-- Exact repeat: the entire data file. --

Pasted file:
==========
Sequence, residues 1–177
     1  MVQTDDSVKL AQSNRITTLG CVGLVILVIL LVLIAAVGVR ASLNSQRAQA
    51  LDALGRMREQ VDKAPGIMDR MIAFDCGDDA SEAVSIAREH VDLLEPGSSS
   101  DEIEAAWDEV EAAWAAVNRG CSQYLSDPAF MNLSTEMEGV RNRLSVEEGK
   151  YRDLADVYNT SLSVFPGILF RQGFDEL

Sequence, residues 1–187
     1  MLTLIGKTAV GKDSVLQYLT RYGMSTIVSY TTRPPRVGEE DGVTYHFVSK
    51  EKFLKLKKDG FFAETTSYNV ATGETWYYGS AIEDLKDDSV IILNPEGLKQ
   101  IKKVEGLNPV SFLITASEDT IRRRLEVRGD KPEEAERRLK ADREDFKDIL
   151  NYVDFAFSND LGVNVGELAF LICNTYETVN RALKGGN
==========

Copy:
Sequence, residues 1–177
     1  MVQTDDSVKL AQSNRITTLG CVGLVILVIL LVLIAAVGVR ASLNSQRAQA
    51  LDALGRMREQ VDKAPGIMDR MIAFDCGDDA SEAVSIAREH VDLLEPGSSS
   101  DEIEAAWDEV EAAWAAVNRG CSQYLSDPAF MNLSTEMEGV RNRLSVEEGK
   151  YRDLADVYNT SLSVFPGILF RQGFDEL

Sequence, residues 1–187
     1  MLTLIGKTAV GKDSVLQYLT RYGMSTIVSY TTRPPRVGEE DGVTYHFVSK
    51  EKFLKLKKDG FFAETTSYNV ATGETWYYGS AIEDLKDDSV IILNPEGLKQ
   101  IKKVEGLNPV SFLITASEDT IRRRLEVRGD KPEEAERRLK ADREDFKDIL
   151  NYVDFAFSND LGVNVGELAF LICNTYETVN RALKGGN